Resultados:

la población estudiada muestra niveles bajos de 25OHD3 al ingreso: media [± error estándar de la media (EEM)] = 12,04 (1,03) ng/mL. Durante el ingreso, 25OHD3 e interleuquina 6 decrecen significativamente (p < 0,001). El descenso de 25OHD3 se asocia con la estancia hospitalaria (p = 0,042 en análisis multivariable). Los valores disminuidos de 25OHD3 se asocian a un bajo nivel cognitivo (p = 0,042).

Conclusiones:

los pacientes ingresados por fractura osteoporótica de cadera tienen niveles bajos de 25OHD3 que decrecen significativamente tras 8 días de ingreso. El descenso de 25OHD3 se asocia significativamente a la estancia hospitalaria. Los niveles disminuidos de 25OHD3 se asocian a un peor estado cognitivo evaluado mediante el MMS.

Palabras clave: Vitamina D3; Fracturas osteoporóticas; Nivel cognitivo; Estancia hospitalaria

INTRODUCTION

Osteoporotic fractures are a major health problem in developed countries, and are among the most frequent causes of disability and medical costs worldwide (1). Up to 20 % of patients die within the first year following hip fracture (2).

Vitamin D deficiency is one of the main determinants of osteoporotic fractures, producing an imbalance in bone remodeling, contributing to bone mass loss and fracture, reducing intestinal absorption of calcium (especially in subjects with low-to-moderate calcium intake), increasing parathyroid hormone (PTH) levels, and stimulating bone resorption (3). Vitamin D coordinates the functions of osteoclasts and osteoblasts in the regulation of bone remodeling (4).

An association has been demonstrated between vitamin D deficiency and increased fracture risk, independent of other risk factors (5), and between the degree of vitamin D deficiency and the severity of osteoporotic hip fracture (OHF) (6). In contrast, a recent meta-analysis concluded that vitamin D supplementation did not reduce fracture risk (7), although some authors have questioned this conclusion and suggested possible research biases (8); the conclusion could also be due to the fact that an insufficient dose of vitamin D was administered.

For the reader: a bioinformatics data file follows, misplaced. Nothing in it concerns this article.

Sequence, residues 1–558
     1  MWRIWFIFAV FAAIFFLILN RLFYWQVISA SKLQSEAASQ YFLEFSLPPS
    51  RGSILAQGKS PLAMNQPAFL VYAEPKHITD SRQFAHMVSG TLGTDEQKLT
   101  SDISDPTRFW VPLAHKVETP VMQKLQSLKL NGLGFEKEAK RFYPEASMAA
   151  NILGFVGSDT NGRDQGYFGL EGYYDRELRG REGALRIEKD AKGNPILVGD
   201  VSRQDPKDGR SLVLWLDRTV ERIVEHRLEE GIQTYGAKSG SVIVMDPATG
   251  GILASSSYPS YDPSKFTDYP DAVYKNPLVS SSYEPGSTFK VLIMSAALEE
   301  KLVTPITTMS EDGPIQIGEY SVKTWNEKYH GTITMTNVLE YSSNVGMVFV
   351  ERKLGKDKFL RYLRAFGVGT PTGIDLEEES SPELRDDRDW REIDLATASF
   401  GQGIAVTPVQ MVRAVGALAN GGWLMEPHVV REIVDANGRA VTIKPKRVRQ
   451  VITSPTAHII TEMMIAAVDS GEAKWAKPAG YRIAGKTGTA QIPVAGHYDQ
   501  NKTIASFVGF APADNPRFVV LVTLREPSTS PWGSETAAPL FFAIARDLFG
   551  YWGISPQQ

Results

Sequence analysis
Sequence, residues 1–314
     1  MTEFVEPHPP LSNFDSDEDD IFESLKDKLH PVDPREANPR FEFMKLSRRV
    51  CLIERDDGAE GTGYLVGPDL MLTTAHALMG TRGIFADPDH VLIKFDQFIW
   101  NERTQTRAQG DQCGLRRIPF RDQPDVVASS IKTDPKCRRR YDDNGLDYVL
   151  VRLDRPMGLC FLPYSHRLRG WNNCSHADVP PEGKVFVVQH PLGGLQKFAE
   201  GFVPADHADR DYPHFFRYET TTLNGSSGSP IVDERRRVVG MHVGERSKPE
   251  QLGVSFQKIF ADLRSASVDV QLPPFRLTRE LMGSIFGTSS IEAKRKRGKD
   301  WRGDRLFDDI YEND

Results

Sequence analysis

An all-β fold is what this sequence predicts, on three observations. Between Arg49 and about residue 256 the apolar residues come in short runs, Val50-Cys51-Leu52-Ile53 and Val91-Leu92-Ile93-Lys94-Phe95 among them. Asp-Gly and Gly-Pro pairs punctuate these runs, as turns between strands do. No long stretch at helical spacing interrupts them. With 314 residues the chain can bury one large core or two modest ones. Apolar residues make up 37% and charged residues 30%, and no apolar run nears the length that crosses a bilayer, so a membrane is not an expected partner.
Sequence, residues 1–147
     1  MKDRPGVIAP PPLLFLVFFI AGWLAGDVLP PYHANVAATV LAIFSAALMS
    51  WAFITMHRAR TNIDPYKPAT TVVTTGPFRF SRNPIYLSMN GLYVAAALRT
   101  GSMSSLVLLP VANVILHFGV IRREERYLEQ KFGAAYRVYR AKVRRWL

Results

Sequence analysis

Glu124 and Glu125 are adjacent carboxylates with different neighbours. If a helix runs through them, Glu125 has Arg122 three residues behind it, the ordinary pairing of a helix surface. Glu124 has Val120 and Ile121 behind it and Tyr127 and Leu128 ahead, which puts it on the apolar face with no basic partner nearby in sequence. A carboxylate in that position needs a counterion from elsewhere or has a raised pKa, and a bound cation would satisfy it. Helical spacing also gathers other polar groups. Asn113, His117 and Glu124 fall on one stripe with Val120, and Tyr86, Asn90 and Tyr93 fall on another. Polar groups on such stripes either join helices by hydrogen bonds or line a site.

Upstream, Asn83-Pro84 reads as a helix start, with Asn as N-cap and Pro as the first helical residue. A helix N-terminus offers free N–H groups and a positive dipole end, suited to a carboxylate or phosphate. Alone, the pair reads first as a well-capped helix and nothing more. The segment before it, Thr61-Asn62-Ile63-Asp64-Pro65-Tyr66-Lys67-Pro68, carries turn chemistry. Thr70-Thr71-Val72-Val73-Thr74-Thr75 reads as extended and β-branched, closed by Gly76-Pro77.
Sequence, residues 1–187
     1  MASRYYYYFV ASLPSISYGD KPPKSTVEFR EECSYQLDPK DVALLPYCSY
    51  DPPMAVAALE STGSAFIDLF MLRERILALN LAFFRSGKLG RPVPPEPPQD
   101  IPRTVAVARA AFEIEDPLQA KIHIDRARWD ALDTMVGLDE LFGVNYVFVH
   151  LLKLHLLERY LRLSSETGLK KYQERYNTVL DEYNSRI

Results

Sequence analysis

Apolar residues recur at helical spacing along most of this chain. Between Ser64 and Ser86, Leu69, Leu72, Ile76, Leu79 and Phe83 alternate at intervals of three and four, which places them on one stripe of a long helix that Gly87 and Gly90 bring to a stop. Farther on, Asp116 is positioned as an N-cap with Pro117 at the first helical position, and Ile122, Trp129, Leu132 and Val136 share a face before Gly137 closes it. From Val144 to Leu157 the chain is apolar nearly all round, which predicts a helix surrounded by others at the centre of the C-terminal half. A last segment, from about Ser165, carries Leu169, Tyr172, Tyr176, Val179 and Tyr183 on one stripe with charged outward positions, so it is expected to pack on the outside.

Vitamin D is involved in all stages of healing and recovery after a fracture: it modifies the expression of the cytokines interleukin 1 (IL-1), interleukin 6 (IL-6), and TNF-α during the initial inflammation phase, both in vitro and in vivo; it influences callus formation (soft and hard stages); and it participates in bone remodeling (9). Various metabolites of vitamin D are increased at the fracture site, and the administration of supplemental vitamin D after a fracture could assist the healing process (10). The extra-skeletal effects of vitamin D deficiency on cognitive status and immunity, among other factors (11), could also have an impact on the clinical outcomes of these patients.

The behavior of vitamin D levels during the early post-OHF phase has not been fully elucidated, but it may depend on the pre-fracture vitamin D status of patients (12). It has been reported that serum vitamin D levels decrease during the fracture healing process after traumatic or surgical bone injury (13), but it is not known whether these changes in vitamin D levels influence clinical outcomes.

The objectives of this study were to evaluate: a) vitamin D levels in patients hospitalized for hip fracture at admission and 8 days later; and b) the relationship of vitamin D levels with clinical outcomes (length of hospital stay and mortality) and with cognitive and functional status.

METHODS

STUDY DESIGN

This prospective study consecutively enrolled osteoporotic hip fracture patients aged over 65 years admitted to the Orthopedics Department of Jaén University Hospital (Spain, latitude 37º 46' 0”) between 2013 and 2016. Bias due to differences in sunlight exposure was mitigated by recruiting during the Spring and Autumn (March, April, October and November).